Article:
When it comes to amenities, nothing compares to radiant floor heating. Stepping onto a toasty warm floor during chilly winter mornings is an instant mood booster. Not only does a radiant system warm your soul, it also efficiently heats your home. Because
WHAT IS IT?
Simply put, radiant floor heating is an under-floor heating system that conducts heat through the floor surface. It is quite different from conventional forced-air systems that conduct heat (often ineffectively) through the air. With radiant heat, waves of infrared radiation rise up from the floor, heating up the entire room and everything in it. There are no visible radiators or ducts, which is an added bonus, and radiant heating promotes clean air.
Electric system (dry)
There are two main types of radiant floor heating systems: electric and hydronic. Electric is easier and more affordable to install, but will cost you more to operate. This type of system may be better suited for smaller spaces, such as bedrooms or bathrooms. Electric systems are powered by electric cables or mats that are built into the floor. If you have a cabin with conventional forced air, this type of radiant heating may be a great supplement.
Hydronic (via hot water tubes)
Incredibly efficient, hydronic systems cost less to operate, and they are ideal for larger spaces. Nevertheless, they cost more to install, are more complicated, and require hot water from a heater or boiler. The system consists of looped tubes that pump heated water beneath the finished floor. The water can be heated by gas, wood, oil boilers, solar heaters or any combination of sources. Hydronic systems are known for keeping a house at a consistent, comfortable temperature. They may not be ideal for small-scale remodeling projects, but hydronic systems provide incredible energy savings.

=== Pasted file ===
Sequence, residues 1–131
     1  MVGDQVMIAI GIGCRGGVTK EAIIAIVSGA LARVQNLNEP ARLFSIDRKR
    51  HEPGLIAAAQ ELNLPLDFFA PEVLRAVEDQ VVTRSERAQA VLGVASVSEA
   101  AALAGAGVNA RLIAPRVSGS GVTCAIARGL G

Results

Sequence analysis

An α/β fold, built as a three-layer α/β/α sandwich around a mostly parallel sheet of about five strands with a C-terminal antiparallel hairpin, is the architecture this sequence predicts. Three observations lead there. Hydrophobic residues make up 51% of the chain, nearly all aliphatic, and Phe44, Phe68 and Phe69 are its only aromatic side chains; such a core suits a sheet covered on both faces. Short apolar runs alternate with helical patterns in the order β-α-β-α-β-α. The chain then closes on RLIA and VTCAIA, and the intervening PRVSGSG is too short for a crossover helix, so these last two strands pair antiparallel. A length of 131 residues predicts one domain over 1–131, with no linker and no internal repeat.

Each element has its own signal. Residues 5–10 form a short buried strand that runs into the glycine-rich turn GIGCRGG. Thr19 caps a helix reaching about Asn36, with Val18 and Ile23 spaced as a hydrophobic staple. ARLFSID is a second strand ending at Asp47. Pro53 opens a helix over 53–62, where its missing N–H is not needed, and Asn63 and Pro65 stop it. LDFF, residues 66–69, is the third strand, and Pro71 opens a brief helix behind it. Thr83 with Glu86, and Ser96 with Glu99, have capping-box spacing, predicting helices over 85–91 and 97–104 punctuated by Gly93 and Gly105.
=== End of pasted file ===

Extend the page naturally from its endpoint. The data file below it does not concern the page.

Floor Materials That Work Best
Ceramic tile is a perfect candidate for radiant floor heating as a great conductor of heat that can withstand high temperatures. But what about other flooring materials? The good news is that nearly any type of flooring can be used, thanks to advances in technology. Although stone will work best in terms of heat conduction, linoleum, engineered wood, carpet and even solid wood can be used, as long as you follow the manufacturer’s specifications carefully. Carpet may slow down the transfer of heat. Wood can be spared from warping and shrinking by using a system with lower water temperatures and humidity that is specifically designed for wood floors.
There are several different installation methods for radiant floor heating. “Wet” installation entails embedding tubing or cables into a concrete slab, or in cement, gypsum or another material on top of a subfloor. This is more common on a ground floor. For suspended floors and retrofits, a “sandwich” method of placing the tubing between two layers of plywood may work best. Another option is to simply attach the tubing beneath a finished floor or subfloor. There is also a newer option on the market today: a plywood subfloor with pre-cut tubing grooves and built-in heat diffuser plates.
The installation method you choose will depend on the system that you select. Be sure to get expert advice before you begin. If you are hiring an installer, choose someone with plenty of experience with radiant floor heating.